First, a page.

Three months have passed since John Dorsey was hired as general manager of the Chiefs. Most of his waking hours, not to mention those of the scouts, have been spent researching players available in the upcoming NFL Draft.
But Dorsey said Friday, six days before the Chiefs are scheduled to make the first overall pick in the draft, they haven’t settled on the player they would select. Dorsey did say the Chiefs narrowed the list of candidates to four, though he wouldn’t identify them.
“You still have to give yourself some options,” Dorsey said at his predraft news conference. “What you kind of do now is just kind of see how these four guys play and kind of watch the games as they’re played. You understand them as people, now watch them play their respective position.
“When that curtain is raised on Thursday, we’ll be ready. But right now it’s still ongoing and you never know what’s going to happen.”
Dorsey and coach Andy Reid said early in the draft process they wanted to select the best available player for the Chiefs and not pick to merely fill a hole in the lineup. But the Chiefs still have an issue at left tackle, an important position, where Branden Albert is the incumbent.
Two of the players generally considered to be among the top available players, Luke Joeckel of Texas A&M and Eric Fisher of Central Michigan, are offensive tackles. At this point, since the Chiefs have offered Albert in trade talks, it would be an upset if they picked someone other than Fisher and Joeckel.
Buzz among scouts around the league is that the Chiefs prefer Joeckel. Dorsey on Friday wouldn’t venture into the Joeckel vs. Fisher debate.
“They’re both really fine football players,” Dorsey said. “This year the offensive line position has some true prospects in it.”
This year’s draft is generally considered to have a lot of good available players but not the star quality among the top prospects. Asked whether Joeckel and Fisher would be considered top draft prospects in another year, Dorsey said, “Every draft has its unique characteristics. The unique characteristics are that there are offensive linemen in this draft, defensive linemen in this draft and corners.”
At other positions, the Chiefs attempted to fill holes with veterans. They traded for or signed several players who will at least compete for starting spots, including quarterback Alex Smith, wide receiver Donnie Avery, tight end Anthony Fasano, offensive lineman Geoff Schwartz, defensive lineman Mike DeVito, linebacker Akeem Jordan and cornerbacks Sean Smith and Dunta Robinson.
“We tried to fill in in free agency a little bit,” Dorsey said. “We secured players for the existing team. In order to move ahead, you have to make those types of moves. I’m very happy with the free agents we signed. Now you look forward to the college drafting part of it and then you get ready for training camp.”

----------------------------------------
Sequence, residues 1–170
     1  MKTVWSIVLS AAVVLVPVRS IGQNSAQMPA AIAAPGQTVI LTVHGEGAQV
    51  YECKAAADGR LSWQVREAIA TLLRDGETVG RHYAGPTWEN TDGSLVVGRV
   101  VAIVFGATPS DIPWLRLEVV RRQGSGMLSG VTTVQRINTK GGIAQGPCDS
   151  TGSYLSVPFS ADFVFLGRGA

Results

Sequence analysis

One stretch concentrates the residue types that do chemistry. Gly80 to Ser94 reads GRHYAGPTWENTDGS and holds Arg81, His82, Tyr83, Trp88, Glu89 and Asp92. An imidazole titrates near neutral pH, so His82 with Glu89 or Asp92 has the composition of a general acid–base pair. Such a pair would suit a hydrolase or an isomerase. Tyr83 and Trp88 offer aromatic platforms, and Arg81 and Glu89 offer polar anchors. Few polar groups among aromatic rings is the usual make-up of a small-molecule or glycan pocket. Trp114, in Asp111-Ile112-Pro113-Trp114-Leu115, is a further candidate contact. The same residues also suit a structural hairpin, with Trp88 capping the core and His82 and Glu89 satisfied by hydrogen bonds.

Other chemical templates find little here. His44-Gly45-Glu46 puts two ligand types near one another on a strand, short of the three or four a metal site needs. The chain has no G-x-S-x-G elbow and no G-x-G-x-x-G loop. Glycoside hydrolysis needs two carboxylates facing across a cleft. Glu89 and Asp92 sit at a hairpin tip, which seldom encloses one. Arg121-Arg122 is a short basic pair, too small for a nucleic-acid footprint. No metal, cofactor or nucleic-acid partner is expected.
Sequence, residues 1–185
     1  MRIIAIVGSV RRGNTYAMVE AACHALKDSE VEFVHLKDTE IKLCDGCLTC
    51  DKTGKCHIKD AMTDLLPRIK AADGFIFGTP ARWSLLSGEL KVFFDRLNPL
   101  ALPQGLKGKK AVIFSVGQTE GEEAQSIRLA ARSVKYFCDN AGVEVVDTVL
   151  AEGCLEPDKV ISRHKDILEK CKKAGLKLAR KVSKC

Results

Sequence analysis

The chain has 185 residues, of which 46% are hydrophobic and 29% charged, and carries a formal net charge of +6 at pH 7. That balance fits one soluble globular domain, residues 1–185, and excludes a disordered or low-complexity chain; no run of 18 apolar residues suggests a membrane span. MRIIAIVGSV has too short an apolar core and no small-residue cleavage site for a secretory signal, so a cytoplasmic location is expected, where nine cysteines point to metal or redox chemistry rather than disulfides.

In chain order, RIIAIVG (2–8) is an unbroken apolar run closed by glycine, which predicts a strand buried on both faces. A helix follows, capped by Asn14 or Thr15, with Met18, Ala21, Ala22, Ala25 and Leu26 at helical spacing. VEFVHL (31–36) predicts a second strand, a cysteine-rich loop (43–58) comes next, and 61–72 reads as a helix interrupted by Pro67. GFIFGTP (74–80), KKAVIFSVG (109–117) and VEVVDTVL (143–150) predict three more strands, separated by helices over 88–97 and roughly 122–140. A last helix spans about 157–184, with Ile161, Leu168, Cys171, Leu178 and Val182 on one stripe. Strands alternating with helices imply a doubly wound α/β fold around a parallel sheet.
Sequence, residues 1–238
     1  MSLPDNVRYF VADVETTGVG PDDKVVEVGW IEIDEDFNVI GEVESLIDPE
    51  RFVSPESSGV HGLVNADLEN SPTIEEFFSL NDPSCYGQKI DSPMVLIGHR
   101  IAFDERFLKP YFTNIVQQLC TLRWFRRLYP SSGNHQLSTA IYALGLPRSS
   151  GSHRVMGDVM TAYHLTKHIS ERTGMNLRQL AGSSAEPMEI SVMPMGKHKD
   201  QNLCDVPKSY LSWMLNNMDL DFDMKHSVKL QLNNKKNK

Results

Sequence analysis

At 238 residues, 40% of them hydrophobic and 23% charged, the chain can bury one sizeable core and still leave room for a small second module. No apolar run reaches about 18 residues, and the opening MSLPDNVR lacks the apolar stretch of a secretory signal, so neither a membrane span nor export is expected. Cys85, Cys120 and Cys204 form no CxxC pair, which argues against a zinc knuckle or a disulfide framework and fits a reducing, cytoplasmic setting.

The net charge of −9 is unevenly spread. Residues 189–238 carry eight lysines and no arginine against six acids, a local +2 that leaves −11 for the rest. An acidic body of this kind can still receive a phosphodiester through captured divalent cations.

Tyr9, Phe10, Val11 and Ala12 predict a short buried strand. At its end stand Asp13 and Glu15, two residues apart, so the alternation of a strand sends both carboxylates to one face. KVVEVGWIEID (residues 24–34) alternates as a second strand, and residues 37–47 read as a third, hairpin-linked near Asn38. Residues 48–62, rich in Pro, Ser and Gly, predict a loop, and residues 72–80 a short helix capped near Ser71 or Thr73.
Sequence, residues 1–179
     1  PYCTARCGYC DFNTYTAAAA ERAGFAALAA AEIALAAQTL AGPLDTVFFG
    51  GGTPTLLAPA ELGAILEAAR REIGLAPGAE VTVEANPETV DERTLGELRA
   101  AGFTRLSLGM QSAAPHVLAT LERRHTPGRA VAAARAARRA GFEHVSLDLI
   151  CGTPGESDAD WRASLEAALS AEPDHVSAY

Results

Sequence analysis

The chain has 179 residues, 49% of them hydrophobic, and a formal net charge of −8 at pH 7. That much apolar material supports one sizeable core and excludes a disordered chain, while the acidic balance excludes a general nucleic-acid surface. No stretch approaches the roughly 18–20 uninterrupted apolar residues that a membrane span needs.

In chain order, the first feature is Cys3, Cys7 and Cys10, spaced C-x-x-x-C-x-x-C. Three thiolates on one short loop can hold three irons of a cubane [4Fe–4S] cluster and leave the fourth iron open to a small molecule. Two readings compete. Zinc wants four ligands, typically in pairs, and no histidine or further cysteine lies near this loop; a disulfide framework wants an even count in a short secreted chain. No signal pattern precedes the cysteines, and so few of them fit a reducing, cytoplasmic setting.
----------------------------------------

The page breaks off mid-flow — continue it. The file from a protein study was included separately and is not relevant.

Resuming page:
Dorsey indicated the Chiefs would listen to any trade offers for the draft’s top pick that might come their way. That’s why the Chiefs might not rush to the podium with their pick once the draft begins next Thursday night, not necessarily to build suspense but in hope of receiving a strong trade proposal.
“What I have to do is what’s best for the Kansas City Chiefs organization,” Dorsey said. “I’ll explore every option available. You have all the way up to that last minute, so we’ll see.”
Once they finish the draft, the Chiefs are almost ready to head to camp. The only nagging issue is that surrounding Albert.
When the sides failed to agree on terms of a long-term contract, the Chiefs designated Albert as their franchise player. He signed the one-year, $9.83 million contract the Chiefs were obligated to offer him but since demonstrated his unhappiness with the situation with both his words and by holding out from the Chiefs offseason conditioning program.
He was absent from the three-day mini-camp this week.
Dorsey repeated what Reid said the previous day, that the Chiefs have given the Miami Dolphins permission to speak with Albert’s agent, but not Albert himself.
Even that move seems a logical step in the trade process but Dorsey said the Chiefs weren’t committed to trading Albert.
“Branden Albert is a good football player,” he said. “We wouldn’t have stuck the franchise tag on him if he wasn’t. It’s my job to explore all options and that’s kind of what’s going on.”